Another thing you could do is invest your money. If you possess specialized knowledge, you might be able to play the markets or flip houses. While investing is a better deal than working more hours, investments don’t generally yield high returns, they necessitate quite a bit of money, and you usually require know-how to do well in them.
The best option is to find people that have what you want in life, model their mindset and success, and start your own business. A lot of people think that starting a business is risky, but there are a variety of low-cost, low-risk options available today. Consider online business, blogging, or even direct selling. There are possibilities available to you that don’t require significant upstart costs or huge ongoing expenses. After all, we’re in the Information Age now.
However, starting your own business does require determination and perseverance. If you can plug in to a training system, organization or mentorship program to fast-track your progress, it is definitely advisable to take advantage of it.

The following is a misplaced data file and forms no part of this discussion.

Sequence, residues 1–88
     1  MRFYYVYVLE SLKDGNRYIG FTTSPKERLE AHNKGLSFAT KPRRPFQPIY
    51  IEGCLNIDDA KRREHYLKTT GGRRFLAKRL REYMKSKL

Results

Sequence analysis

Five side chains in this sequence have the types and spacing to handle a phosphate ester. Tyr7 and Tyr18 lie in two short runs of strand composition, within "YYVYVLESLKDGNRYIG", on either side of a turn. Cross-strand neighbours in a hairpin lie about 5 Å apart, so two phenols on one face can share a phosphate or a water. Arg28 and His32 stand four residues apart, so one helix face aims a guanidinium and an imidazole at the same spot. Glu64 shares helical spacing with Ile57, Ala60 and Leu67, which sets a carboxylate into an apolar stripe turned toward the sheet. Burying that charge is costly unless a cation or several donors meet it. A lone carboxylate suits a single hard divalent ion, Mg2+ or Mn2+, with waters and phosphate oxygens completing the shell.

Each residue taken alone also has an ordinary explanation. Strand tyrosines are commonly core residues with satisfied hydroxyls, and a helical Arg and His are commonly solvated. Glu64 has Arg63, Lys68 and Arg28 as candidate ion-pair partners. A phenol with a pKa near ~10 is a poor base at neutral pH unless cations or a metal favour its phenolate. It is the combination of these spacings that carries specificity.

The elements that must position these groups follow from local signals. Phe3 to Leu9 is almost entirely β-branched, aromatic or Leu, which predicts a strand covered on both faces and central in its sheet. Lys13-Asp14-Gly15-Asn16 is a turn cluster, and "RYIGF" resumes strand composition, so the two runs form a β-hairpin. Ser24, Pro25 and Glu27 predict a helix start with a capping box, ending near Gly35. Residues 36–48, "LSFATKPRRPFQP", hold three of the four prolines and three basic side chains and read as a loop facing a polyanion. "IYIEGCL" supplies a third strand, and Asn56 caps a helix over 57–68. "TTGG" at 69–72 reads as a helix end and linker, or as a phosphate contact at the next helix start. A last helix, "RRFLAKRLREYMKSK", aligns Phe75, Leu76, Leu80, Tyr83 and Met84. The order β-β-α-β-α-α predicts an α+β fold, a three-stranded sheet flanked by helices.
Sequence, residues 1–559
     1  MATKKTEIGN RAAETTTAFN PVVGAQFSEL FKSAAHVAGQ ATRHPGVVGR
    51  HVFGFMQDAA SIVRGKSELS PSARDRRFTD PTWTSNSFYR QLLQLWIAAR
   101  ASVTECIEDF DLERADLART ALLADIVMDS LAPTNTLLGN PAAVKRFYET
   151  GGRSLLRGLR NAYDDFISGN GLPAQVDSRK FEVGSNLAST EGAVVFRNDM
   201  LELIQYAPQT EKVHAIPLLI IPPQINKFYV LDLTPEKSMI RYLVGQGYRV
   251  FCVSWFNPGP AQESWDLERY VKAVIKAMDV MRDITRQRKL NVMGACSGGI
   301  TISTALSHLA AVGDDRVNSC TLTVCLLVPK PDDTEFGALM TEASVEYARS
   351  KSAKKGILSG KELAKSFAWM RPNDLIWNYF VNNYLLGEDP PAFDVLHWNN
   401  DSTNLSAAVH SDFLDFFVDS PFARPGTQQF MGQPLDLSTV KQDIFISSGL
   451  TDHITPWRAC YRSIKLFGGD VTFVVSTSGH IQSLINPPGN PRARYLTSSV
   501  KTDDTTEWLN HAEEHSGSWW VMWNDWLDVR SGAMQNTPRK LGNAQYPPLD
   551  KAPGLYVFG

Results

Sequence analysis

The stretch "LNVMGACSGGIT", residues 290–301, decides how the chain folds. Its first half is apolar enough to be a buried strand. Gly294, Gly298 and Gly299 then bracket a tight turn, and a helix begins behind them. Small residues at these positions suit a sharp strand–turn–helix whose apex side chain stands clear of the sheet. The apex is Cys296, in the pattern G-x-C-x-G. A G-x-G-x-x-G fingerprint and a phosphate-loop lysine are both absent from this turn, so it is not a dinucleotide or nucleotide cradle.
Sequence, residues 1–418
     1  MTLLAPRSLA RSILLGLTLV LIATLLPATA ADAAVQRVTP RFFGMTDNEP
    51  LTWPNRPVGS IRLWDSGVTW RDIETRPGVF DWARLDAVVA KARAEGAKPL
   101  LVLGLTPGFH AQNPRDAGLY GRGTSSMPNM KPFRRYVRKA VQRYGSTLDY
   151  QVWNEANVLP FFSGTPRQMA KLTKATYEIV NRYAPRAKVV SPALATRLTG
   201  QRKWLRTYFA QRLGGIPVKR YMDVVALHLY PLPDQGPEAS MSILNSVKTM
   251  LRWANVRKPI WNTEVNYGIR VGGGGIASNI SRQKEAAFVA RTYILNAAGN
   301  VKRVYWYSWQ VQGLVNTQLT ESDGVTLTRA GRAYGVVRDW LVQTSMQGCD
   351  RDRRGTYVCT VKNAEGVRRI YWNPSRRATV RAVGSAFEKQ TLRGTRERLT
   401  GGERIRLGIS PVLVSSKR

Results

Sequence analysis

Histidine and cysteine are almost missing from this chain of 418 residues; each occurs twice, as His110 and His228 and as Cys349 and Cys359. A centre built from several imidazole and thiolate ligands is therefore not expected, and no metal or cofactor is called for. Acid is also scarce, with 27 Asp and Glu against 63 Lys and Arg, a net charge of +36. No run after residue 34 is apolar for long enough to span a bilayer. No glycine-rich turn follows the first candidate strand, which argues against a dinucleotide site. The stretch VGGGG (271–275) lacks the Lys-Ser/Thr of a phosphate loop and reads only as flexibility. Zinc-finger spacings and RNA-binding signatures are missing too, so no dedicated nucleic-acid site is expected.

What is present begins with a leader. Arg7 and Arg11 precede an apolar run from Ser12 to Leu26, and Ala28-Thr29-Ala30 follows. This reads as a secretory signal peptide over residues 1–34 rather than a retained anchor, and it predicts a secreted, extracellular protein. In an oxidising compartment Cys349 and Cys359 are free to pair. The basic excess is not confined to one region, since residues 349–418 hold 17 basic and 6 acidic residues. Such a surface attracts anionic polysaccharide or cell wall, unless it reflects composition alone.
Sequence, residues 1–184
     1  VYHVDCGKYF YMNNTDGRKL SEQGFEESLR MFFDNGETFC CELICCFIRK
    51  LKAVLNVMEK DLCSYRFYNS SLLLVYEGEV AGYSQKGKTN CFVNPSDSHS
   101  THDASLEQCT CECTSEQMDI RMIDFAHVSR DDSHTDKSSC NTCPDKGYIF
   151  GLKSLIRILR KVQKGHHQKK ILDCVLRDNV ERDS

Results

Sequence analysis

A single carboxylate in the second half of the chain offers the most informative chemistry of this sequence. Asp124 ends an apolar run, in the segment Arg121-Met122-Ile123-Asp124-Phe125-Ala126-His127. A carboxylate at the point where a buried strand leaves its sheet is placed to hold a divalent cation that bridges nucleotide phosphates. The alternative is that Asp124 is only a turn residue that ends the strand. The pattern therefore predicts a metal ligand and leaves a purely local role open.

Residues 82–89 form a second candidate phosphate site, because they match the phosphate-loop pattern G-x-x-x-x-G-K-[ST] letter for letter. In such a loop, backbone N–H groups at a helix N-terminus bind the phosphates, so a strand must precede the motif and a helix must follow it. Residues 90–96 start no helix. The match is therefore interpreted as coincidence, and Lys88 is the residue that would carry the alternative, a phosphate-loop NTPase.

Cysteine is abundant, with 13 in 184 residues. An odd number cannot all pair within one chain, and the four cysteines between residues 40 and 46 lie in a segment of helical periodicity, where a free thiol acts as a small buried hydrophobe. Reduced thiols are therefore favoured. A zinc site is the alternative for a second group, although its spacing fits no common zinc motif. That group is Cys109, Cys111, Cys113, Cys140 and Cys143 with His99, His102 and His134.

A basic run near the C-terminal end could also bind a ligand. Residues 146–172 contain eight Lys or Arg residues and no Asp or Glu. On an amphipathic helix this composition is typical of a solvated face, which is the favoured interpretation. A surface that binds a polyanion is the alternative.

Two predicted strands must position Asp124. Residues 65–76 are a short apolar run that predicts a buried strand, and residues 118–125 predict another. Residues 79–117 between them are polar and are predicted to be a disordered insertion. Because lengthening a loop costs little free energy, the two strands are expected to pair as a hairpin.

Jobs are necessary to cover your personal expenses, but they’re not going to offer a whole lot more. The question is, “what are you going to do once your 9 to 5 is over?” What will you do with your down time? Will you make productive use of it, or will you watch TV like most of the world out there?
A person who is results oriented isn’t as concerned with the immediate rewards as they are with what their vehicle can do for them. If you can find a vehicle that will get you to where you want to go - even if it doesn’t look pretty on the outside - hop in.